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Catherina Cunnane
Catherina Cunnanehttps://www.thatsfarming.com/
Catherina Cunnane hails from a fifth-generation drystock and specialised pedigree suckler enterprise in Co. Mayo. She currently holds the positions of editor and general manager at That's Farming, having joined the company in 2015.
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CAP talks end with no agreement

After a three-day trilogue process, talks on the new seven-year CAP programme have finished without agreement.

Discussions continued into the early hours of this morning (Friday, May 28th, 2021).

Minister Charlie McConalogue confirmed that more discussions will take place this morning.

In a brief statement, he said: “After two long nights and two long days, talks on the new CAP finished up without agreement.”

He said the “council finished without agreement and will have to wait until the next time the council recommences”.

“I worked very hard to try and get an agreement, but it had to be one that worked for Ireland, Irish farmers, and for our country and importantly, that gave us the flexibility to ensure the next CAP programme would be one that we can actually have significant capacity to influence at national level and ensure that it works for our national agricultural model.”

“There is more work involved in this. There is the capacity still now in the days and weeks ahead to ensure that there is a CAP delivered which works for Ireland and Irish farmers and ensures that we have the flexibility to put in place schemes that put farmers and family farm incomes at the centre for the years ahead.”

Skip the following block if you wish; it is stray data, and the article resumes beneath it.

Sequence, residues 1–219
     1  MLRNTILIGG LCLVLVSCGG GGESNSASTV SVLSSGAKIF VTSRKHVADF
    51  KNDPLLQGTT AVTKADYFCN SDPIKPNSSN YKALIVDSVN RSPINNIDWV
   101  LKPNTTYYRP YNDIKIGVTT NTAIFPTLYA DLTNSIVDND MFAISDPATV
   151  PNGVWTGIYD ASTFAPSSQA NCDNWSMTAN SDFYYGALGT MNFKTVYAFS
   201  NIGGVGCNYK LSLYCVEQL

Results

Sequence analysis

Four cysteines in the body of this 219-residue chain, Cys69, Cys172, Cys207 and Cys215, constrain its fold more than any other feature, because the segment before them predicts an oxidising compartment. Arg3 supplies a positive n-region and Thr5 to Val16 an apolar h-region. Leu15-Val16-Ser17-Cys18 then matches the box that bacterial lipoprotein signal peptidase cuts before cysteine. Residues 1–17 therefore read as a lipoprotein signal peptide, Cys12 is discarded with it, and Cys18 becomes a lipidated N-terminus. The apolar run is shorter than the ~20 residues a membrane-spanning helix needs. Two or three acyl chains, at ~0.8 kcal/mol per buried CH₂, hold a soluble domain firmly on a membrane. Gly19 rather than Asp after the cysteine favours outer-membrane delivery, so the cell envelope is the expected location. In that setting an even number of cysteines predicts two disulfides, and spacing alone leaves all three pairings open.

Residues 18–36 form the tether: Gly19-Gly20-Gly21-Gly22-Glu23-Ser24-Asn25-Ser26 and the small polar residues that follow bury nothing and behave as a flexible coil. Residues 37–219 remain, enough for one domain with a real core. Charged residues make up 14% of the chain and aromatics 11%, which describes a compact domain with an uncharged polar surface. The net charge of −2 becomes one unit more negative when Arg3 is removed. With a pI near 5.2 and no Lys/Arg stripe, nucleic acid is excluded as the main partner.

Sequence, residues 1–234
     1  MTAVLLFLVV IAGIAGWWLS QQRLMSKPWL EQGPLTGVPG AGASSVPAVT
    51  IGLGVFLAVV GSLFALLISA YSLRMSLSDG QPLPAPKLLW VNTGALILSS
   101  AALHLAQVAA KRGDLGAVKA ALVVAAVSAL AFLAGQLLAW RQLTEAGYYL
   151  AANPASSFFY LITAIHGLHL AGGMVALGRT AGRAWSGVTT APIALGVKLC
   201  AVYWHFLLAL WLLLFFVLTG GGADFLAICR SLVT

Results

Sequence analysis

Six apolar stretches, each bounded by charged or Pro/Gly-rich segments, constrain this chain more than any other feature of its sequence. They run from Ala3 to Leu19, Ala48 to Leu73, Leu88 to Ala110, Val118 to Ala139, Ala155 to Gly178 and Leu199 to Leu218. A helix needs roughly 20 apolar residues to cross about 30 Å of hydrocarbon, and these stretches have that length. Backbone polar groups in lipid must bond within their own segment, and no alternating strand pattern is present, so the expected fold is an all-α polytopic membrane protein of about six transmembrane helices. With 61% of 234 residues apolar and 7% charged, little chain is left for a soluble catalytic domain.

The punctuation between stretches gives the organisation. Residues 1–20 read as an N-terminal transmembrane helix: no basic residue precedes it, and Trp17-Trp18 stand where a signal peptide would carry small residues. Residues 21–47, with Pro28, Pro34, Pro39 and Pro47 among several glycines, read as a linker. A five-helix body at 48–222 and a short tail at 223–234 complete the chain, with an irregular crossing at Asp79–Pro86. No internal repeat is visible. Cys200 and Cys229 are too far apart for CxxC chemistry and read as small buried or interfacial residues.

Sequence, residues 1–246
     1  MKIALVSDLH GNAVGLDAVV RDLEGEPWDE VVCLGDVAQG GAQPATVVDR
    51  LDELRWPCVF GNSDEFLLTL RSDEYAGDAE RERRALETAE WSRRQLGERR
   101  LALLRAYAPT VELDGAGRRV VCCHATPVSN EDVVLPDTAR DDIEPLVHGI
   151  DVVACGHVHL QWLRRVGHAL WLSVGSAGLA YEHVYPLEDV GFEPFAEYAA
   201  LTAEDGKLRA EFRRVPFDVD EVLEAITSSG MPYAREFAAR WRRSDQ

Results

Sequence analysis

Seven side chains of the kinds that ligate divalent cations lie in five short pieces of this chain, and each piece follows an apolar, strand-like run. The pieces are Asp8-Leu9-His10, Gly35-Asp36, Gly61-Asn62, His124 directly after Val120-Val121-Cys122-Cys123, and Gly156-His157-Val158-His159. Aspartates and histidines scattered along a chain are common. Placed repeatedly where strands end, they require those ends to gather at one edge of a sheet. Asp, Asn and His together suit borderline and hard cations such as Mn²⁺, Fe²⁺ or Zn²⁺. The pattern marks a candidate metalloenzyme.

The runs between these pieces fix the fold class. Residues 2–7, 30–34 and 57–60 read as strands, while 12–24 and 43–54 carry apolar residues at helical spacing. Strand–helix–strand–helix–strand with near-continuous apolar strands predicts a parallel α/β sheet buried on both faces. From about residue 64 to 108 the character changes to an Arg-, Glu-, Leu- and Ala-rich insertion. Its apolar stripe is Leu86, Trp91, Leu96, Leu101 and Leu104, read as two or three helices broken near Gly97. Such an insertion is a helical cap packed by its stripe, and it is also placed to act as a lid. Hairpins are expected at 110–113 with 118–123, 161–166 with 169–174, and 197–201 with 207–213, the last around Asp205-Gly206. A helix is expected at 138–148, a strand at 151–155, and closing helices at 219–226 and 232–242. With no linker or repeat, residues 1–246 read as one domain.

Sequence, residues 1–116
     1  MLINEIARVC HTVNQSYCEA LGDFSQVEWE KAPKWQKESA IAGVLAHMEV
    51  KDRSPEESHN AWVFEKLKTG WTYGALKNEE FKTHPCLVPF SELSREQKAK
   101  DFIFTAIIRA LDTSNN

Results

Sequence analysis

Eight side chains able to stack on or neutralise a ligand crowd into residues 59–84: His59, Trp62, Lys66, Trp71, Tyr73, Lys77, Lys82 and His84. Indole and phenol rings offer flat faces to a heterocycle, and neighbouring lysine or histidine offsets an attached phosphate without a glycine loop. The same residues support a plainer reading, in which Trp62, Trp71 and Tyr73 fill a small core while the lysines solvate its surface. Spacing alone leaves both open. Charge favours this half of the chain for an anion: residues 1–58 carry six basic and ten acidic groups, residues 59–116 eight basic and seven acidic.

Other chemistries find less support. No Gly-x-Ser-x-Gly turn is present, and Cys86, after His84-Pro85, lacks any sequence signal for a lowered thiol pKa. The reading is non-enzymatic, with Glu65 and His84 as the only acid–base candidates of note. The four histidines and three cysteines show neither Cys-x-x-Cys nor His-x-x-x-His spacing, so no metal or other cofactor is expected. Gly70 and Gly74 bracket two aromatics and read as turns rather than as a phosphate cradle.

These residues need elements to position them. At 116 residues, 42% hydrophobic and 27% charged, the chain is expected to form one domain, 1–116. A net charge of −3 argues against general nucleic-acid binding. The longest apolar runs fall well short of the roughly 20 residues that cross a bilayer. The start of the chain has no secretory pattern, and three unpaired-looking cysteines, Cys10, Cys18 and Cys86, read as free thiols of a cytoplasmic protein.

‘Farmer-friendly, fair and flexible’

Ahead of the talks, Minister McConalogue said his key focus is on delivering a CAP that is “farmer-friendly, fair and flexible for our farm families”.

He called for a CAP that can work for Irish farmers and also ensures that we have the flexibility to be “able to make decisions without their own national CAP plan that really works for our farmers and that set a good pathway for the next seven years that will see farmers fully supported in relation to the work that they do carrying out food production”.

“That will see farmers fully funded in terms of any new environmental measures that they will be asked to undertake in terms of ensuring that there is an income there that reflects the work that farmers can do.”

“Also, ultimately to ensure that the CAP for the next seven years will be one which sees Irish agriculture thrive, Irish family farm incomes sustained and Irish farm families supported in the tremendous work that they do,” he concluded.

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